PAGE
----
Allegations of Sexual Harassment and Abuse At a Major Carrier

Iowa Carrier Agrees To Pay $50K For Sexual Harassment

Many trucking companies pair women men together while training, and often it tuns out well.  However, companies should reconsider this practice to protect themselves and the men and women involved.

The Equal Employment Opportunity Commission filed a sexual harassment lawsuit against Cedar Rapid based company CRST, claiming that up to 150 women have stepped forward with allegations of being groped, sexually harassed, assaulted or propositioned by they men they were training with. Wile many of those claims were sifted out, the EEOC found merit in the allegations of dozens of women.

“I was beaten, I was fondled, I was humiliated and I was taught nothing,” one trainee, Ramona Villareal, said in a deposition.

The sexual harassment case was initiated by a December 2005 complaint from driver Monika Starke, of Azle, Texas, who says  she was paired with a driver who constantly made crude sexual remarks and advances.

Out of the skillet and into the fire, Starke escaped the man’s truck, but says she was then paired with another driver who demanded sex in exchange for a passing grade.

After failing to reach a settlement for Starke, in 2007, the EEOC filed a lawsuit on behalf of all female drivers subjected to “a sexually hostile and offensive work environment.” After the EEOC sent letters to thousands of female employees, about 150 gave depositions in which they described being alone for weeks in trucks with male drivers.

Another woman claims her trainer asked for oral sex every morning and told her if she slept with him she’d be guaranteed to pass.

Yvonne Fortner testified that her trainer turned on pornographic movies daily and told her he wanted her to perform similar acts. “And he never let me go a day without telling me that he controlled me passing or failing,”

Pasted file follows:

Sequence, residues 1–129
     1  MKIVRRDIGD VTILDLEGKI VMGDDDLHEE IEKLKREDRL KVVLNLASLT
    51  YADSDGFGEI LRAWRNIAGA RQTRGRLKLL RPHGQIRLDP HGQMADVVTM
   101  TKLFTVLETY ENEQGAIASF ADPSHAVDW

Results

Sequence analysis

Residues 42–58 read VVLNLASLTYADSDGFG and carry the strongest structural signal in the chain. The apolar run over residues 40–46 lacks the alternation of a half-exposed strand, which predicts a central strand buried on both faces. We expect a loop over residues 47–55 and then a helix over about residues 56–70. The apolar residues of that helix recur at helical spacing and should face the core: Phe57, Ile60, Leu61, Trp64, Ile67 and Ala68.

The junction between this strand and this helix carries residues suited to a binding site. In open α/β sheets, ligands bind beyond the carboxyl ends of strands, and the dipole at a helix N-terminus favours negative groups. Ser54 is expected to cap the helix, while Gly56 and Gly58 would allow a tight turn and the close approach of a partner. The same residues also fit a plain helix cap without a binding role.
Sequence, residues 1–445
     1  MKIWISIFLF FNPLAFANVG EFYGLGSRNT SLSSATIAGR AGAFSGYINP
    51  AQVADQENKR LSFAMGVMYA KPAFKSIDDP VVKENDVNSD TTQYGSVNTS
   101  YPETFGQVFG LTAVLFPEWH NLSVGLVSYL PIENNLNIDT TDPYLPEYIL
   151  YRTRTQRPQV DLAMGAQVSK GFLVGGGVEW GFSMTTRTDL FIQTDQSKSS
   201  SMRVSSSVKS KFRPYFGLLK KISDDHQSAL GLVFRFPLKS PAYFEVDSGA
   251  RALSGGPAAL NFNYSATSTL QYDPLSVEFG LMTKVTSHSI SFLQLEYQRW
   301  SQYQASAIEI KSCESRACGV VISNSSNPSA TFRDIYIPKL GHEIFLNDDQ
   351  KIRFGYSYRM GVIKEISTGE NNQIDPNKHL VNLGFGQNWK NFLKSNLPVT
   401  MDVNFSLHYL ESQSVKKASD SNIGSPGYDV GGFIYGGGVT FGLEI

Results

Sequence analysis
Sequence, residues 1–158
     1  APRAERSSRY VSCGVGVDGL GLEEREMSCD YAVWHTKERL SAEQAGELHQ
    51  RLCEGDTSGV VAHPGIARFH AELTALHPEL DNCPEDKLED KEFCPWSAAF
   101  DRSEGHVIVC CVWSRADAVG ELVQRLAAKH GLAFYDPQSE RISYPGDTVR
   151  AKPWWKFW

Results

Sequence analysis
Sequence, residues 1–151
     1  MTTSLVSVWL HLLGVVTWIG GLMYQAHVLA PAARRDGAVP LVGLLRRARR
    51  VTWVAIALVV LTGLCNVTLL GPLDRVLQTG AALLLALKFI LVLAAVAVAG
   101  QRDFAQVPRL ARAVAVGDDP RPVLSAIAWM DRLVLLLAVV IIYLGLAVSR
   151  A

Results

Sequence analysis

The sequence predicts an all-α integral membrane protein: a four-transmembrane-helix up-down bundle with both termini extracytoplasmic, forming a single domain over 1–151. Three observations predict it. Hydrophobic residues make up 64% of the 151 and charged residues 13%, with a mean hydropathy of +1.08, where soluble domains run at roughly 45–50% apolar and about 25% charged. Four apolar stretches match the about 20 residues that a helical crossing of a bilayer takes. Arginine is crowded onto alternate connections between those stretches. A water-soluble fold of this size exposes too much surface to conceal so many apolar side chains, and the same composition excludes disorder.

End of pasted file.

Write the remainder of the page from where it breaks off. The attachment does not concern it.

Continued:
The EEOC sued on behalf of the women, but the lawsuit backfired and landed the agency itself on trial.

The U.S. Chamber of Commerce filed a friend-of-the-court brief in the CRST case, condemning the EEOC’s investigation tactics, stating the EEOC needs to be more cooperative with companies, that suits brought on in haste cost companies millions and destroy reputations.

Judge Linda Reade, said the agency used “a ‘sue first, ask questions later’ litigation strategy,” and dismissed the case, then ordered the agency to pay CRST  $4.4 million in attorney’s fees, acknowledging “dozens of potentially meritorious sexual harassment claims may now never see the inside of a courtroom.”

The appeals court sided with Judge Reade in a 2-1 ruling, but threw out the fee award and reinstated two claims: Starke’s and one filed by a woman who said her trainer repeatedly entered the cab wearing only his underwear. The court ruled that EEOC should have done a more thorough investigation and informal mediation before filing suit.

“We think it was a very favorable decision,” said CRST General Counsel Eric Baker. “We certainly believe in all instances we took those matters seriously. We do believe that we will be exonerated.”

Cedar Rapids attorney Matt Reilly, who has represented women said. “It’s a tragedy what happened. The sad thing about this is, the merits haven’t been an issue for so long. The appeal was about technicalities.”

As a result, the dozens of women named in the suit may never see justice and may never receive back wages. The ruling could have further implications.  In Missouri, Iowa, Arkansas, Minnesota, Nebraska, North Dakota and South Dakota, the agency will have to investigate the allegations of every worker’s claim and attempt to reach a settlement before filing suit.

The EEOC argues that it is impractical in cases involving hundreds or even thousands of employees, furthermore delaying relief to employees in emotional or financial distress, and it would cost the agency innumerable time and money.

“We are an agency with limited resources already, and this is something that, if it stands, would make it even more challenging for us to address and vindicate discriminatory violations in the 8th Circuit,” EEOC general counsel P. David Lopez said.

One of the cases did reach a jury.  A California woman opted out of the EEOC process and filed her own lawsuit that resulted in a $1.5 million verdict against the company.

The EEOC has a week to appeal the case.